Thursday, March 31, 2011

As FAM 2011 neared its end, I anticipated our visit to Spruce Creek Preserve in New Smyrna Beach. Besides being gorgeous, the Preserve offers an excellent place to bike, walk, and photograph, while also harboring two of our favorite things: native plants and archaeology!

A kiosk describing the Preserve-- and its archaeological significance-- greets visitors.
As a resident of New Smyrna, a nature enthusiast, and a lover of archaeology, my anticipation for exploring Spruce Creek Preserve through an archaeological lens was high. Embarking down the path with the many hikers and bikers, I was eager as them to know more about the land and the people who used it. Mark Wheeler, a native plants specialist, led the group to the mound. Along the path, Wheeler spotted wild blueberry, saw palmetto, cabbage palm, beautyberry, live oak, red bay, spanish moss, muscadine grape, and coontie.
Wheeler describes Florida's native plants and how native peoples used them.
 Native Americans used beautyberry as a treatment for skin and stomach disorders as well as colic. Red bay could be utilized as to relieve pain and, occasionally, as a "love potion." Native peoples understood how to harvest beneficial qualities of plants. Learning which plants could be used for what purpose, however, was not an easy process. Coontie, for example, provides a flour-like food AFTER boiling the roots to remove the toxin cycasin. While learning about how native plants can be used for food, shelter, clothing, and other purposes, it is best not to make the experience a hands on one! Tasting and experimenting plants can be dangerous. Native peoples learned how to use plants as sources of food, clothing, and shelter over time with experimentation that surely ended in unexpected health conditions, sickness, or death.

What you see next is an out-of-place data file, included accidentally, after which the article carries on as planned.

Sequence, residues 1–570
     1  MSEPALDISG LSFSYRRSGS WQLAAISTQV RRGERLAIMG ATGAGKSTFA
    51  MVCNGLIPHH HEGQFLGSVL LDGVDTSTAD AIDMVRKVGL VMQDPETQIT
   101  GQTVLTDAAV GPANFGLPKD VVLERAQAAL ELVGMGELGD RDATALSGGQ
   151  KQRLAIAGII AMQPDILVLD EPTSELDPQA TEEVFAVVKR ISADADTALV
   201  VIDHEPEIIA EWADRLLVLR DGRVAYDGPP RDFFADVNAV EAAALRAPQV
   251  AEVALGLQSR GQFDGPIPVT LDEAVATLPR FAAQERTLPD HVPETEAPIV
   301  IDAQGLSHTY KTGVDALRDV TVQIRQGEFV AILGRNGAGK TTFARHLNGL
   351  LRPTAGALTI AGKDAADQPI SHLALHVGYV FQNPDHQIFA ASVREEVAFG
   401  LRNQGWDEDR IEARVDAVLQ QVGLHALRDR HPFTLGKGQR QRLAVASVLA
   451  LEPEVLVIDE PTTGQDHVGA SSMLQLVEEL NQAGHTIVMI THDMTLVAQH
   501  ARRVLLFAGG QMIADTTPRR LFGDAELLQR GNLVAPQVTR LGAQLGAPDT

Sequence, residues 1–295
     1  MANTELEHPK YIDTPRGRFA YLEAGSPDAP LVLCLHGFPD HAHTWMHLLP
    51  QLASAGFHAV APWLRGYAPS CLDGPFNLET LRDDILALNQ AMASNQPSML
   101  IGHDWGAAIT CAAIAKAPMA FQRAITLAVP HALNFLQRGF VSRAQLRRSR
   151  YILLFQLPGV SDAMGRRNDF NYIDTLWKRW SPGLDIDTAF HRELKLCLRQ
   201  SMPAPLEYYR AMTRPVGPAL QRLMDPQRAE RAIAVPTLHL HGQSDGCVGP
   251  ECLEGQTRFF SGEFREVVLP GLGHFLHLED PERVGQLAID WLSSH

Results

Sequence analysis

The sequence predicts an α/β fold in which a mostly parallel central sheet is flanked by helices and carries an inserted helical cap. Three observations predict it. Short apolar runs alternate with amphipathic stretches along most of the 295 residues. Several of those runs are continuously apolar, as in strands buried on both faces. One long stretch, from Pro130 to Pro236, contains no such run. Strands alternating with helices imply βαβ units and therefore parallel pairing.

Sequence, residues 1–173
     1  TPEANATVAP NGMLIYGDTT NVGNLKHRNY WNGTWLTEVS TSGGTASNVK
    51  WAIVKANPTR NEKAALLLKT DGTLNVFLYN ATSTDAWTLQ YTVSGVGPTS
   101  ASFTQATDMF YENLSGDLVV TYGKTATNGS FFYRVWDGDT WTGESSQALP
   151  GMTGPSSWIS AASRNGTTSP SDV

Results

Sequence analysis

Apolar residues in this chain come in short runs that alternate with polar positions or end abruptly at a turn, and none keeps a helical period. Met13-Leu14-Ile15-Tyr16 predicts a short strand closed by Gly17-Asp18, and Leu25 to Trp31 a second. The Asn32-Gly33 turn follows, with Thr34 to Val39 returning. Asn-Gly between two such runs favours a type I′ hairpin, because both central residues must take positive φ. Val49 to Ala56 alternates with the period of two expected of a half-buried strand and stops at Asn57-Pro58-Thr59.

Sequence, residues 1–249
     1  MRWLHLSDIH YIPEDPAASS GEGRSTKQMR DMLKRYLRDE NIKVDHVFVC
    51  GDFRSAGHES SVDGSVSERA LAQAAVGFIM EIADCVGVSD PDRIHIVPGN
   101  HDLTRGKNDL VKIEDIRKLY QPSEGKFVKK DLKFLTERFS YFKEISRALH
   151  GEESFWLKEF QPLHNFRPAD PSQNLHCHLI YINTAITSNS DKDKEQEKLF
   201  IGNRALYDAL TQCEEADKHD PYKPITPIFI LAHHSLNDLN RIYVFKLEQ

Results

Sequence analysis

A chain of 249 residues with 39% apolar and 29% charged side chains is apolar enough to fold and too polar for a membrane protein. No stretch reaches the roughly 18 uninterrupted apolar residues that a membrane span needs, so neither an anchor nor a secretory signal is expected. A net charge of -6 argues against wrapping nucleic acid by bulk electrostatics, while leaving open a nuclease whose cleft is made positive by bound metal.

Amber and the group pause to enjoy the scenery. 
Hikers approach the heavily vegetated mound.
The mounds, closed to the public for preservation purposes, sit just off the path overlooking Spruce Creek. Although the area's history spotted with archaeological investigation, the mound remains shrouded in mystery.
Sarah talks about the mound's history.
 A.M. Harrison's 1874 investigation led him to believe natives constructed a 40 foot high, irregularly shaped mound from "borrow pits" that are 8 to 12 feet deep. Natives removed sand in trench-like pits to build up the mound. Surprisingly, only half the dirt needed to build the mound came from these pits. Since 1874, at least three archaeological excavations were conducted at the mound with the most recent done during 2005. Unfortunately, the site has been repeatedly damaged in past years. Locals, for example, would bring visitors to dig at the mound for entertainment in the late 1900s and, in more recent years, the larger mound served as a dirt bike ramp. While archaeologists can continue to investigate the mounds, the information lost in previous, non-archaeological excavations damages interpretations.
2005 map shows the mound with a smaller mound to the
west and a canoe ramp from the creek.

The bikers learn that the mound dates to St. Johns IIc period,
characterized by the appearance of European artifacts in mounds.

Two bikers hike the trail at the end of an amazing tour.

If you are interested in learning more about the Preserve, plants, or mounds in Volusia County, visit these online resources:

Website for Spruce Creek Preserve: http://www.volusia.com/sprucecreek/

Native plants and their uses: http://edis.ifas.ufl.edu/uw152

Mounds in Volusia County: http://volusia.com/history/natives/

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